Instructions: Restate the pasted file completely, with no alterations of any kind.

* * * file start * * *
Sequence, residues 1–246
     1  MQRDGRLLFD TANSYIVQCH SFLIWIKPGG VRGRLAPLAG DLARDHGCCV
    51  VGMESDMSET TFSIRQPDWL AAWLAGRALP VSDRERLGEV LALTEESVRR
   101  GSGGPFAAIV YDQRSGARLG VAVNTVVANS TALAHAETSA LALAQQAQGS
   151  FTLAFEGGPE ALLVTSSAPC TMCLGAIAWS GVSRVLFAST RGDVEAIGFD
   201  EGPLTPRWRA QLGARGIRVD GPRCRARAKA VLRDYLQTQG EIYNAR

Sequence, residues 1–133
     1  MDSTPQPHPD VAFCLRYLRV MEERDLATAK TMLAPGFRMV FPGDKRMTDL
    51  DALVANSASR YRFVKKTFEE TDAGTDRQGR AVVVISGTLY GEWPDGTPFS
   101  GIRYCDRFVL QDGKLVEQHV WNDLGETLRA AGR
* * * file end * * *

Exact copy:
Sequence, residues 1–246
     1  MQRDGRLLFD TANSYIVQCH SFLIWIKPGG VRGRLAPLAG DLARDHGCCV
    51  VGMESDMSET TFSIRQPDWL AAWLAGRALP VSDRERLGEV LALTEESVRR
   101  GSGGPFAAIV YDQRSGARLG VAVNTVVANS TALAHAETSA LALAQQAQGS
   151  FTLAFEGGPE ALLVTSSAPC TMCLGAIAWS GVSRVLFAST RGDVEAIGFD
   201  EGPLTPRWRA QLGARGIRVD GPRCRARAKA VLRDYLQTQG EIYNAR

Sequence, residues 1–133
     1  MDSTPQPHPD VAFCLRYLRV MEERDLATAK TMLAPGFRMV FPGDKRMTDL
    51  DALVANSASR YRFVKKTFEE TDAGTDRQGR AVVVISGTLY GEWPDGTPFS
   101  GIRYCDRFVL QDGKLVEQHV WNDLGETLRA AGR